Crystal formation - new insight advance materials, health research

Crystal formation - new insight to advance materials, health research

7:31 AM, 5th August 2015
Crystal formation - new insight to advance materials, health research
Researchers show how nature uses various pathways to grow crystals. The artistic rendering of molecular dynamics simulation results showing formation of a liquid-like particle during early stages of calcium carbonate crystallization. © Image: Adam Wallace/University of Delaware and David Carey.

BLACKSBURG, US: Scientists have long worked to understand how crystals grow into complex shapes. Crystals are important in materials from skeletons and shells to soils and semiconductors, but much remains unknown about how they form.

Now, an international group of researchers, including a Virginia Tech geoscientist, has shown how nature uses a variety of pathways to grow crystals that go beyond the classical, one-atom-at-a-time route.

The findings, published in the journal Science, have implications for decades-old questions in science and technology regarding how animals and plants grow minerals into shapes that have no relation to their original crystal symmetry and why some contaminants are so difficult to remove from stream sediments and groundwater.

“Researchers across all disciplines have made observations of skeletons and laboratory-grown crystals that cannot be explained by traditional theories,” said Patricia Dove, a university distinguished professor and the C P Miles professor of science in the college of science at Virginia Tech. “We show how these crystals can be built up into complex structures by attaching particles — as nanocrystals, clusters, or droplets — that become organized into complex shapes. Our challenge was to put together a framework to understand them.”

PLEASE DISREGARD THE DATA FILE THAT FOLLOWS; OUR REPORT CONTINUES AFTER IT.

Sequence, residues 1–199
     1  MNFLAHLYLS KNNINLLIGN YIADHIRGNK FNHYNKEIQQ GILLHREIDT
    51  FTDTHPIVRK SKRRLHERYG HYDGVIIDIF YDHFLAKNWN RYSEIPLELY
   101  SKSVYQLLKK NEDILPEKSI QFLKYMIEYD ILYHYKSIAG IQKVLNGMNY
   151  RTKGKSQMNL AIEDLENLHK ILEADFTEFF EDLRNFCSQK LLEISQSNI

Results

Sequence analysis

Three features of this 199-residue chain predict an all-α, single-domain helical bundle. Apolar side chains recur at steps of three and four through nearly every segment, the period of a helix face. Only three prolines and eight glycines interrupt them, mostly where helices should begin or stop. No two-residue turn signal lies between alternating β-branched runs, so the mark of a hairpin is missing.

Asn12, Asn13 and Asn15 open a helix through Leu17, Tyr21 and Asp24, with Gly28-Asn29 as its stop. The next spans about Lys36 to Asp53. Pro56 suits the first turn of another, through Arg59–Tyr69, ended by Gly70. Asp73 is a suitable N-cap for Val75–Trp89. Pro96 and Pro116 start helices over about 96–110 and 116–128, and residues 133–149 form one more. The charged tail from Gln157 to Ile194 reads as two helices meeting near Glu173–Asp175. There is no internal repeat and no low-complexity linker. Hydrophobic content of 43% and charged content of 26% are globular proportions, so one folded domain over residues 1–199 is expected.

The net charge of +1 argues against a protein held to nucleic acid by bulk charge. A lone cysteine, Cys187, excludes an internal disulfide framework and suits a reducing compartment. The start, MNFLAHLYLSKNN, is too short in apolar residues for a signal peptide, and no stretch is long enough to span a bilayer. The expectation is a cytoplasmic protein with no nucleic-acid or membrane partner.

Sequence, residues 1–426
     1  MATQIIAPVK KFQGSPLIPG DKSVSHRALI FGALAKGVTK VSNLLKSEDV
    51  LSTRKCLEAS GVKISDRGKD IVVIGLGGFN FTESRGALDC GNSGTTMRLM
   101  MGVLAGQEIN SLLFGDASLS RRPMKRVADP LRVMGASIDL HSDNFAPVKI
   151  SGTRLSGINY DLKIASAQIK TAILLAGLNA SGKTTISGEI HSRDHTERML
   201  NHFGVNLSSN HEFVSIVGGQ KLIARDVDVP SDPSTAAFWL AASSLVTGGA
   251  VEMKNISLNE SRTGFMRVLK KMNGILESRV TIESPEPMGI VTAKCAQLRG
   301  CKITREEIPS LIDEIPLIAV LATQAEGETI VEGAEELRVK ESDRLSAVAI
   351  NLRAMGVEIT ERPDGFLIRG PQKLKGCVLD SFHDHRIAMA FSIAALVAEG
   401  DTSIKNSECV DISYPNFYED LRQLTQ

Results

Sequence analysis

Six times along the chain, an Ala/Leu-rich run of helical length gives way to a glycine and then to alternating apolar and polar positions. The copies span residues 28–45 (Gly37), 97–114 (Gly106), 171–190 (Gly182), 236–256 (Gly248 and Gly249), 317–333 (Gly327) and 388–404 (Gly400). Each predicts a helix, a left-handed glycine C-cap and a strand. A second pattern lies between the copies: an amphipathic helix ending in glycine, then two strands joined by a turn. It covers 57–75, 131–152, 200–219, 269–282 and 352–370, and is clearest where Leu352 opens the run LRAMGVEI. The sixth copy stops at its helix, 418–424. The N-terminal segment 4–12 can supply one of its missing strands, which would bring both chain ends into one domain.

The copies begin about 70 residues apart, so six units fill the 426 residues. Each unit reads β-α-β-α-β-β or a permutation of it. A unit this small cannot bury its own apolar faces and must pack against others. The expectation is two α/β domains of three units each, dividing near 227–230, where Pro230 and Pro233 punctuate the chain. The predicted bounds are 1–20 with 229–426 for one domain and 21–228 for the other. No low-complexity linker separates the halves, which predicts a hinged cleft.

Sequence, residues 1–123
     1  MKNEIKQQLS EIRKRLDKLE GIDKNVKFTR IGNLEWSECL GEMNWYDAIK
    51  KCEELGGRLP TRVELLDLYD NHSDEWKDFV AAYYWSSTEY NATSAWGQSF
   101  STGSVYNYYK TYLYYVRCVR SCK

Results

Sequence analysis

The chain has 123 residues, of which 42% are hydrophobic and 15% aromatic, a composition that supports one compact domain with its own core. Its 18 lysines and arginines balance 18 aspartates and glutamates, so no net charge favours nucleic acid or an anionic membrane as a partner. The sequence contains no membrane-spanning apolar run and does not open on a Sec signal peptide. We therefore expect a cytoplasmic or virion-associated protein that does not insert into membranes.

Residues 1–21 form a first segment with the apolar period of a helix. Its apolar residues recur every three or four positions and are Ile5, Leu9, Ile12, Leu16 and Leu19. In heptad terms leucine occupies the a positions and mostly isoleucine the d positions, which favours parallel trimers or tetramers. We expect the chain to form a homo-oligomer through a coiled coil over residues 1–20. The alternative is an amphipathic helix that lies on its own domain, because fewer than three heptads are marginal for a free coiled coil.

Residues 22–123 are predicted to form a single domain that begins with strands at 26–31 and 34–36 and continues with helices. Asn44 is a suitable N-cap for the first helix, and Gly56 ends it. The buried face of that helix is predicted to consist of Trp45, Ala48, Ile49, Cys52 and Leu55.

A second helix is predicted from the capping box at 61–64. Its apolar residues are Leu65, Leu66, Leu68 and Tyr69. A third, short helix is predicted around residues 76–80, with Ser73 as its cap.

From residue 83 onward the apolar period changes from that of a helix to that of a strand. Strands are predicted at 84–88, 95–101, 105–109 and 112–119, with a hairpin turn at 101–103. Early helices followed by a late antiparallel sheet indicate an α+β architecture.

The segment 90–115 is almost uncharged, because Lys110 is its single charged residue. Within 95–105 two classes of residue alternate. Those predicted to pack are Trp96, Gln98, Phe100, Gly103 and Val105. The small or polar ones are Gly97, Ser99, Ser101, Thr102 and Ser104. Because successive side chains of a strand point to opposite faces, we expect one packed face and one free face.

The results emerged from discussions among 15 scientists working in geochemistry, physics, biology and the earth and materials sciences. The international group met for a three-day workshop in Berkeley, California, sponsored by the Council on Geosciences of the Office of Basic Energy Sciences of the US Department of Energy.

“Because crystallization is a ubiquitous phenomenon across a wide range of scientific disciplines, a shift in the picture of how this process occurs has far-reaching consequences,” said materials scientist and physicist James De Yoreo at the Department of Energy’s Pacific Northwest National Laboratory. 

In animal and laboratory systems alike, the process begins by forming the particles. They can be small molecules, clusters, droplets, or nanocrystals. All of these particles are unstable and begin to combine with each other and with nearby crystals and other surfaces.

For example, nanocrystals prefer to become oriented along the same direction as the larger crystal before attaching, much like adding Legos. In contrast, amorphous conglomerates can simply aggregate. These atoms later become organized by “doing the wave” through the mass to rearrange into a single crystal, researchers said.

Study authors say much work needs to be done to understand the forces that cause these particles to move and combine. It is a frontier for new research.

“Particle pathways are tricky because they can form what appear to be crystals with the traditional faceted surfaces or they can have completely unexpected shapes and chemical compositions,” said Dove, the corresponding author of the study and a member of the National Academy of Sciences.

By understanding how animals form crystals into the working structures known as shells, teeth, and bones, scientists will have a bigger toolbox for interpreting the crystals formed in nature.

The insights may also help in the design of novel materials and explain unusual mineral patterns in rocks.

Likewise, knowing how pollutants are transported or trapped in the minerals of sediments has implications for environmental management of water and soil.

The work was supported by the Council on Geosciences of the US Department of Energy, Office of Basic Energy Sciences, Chemical Sciences, Geosciences and Biosciences Division.

© Virginia Polytechnic Institute and State University News

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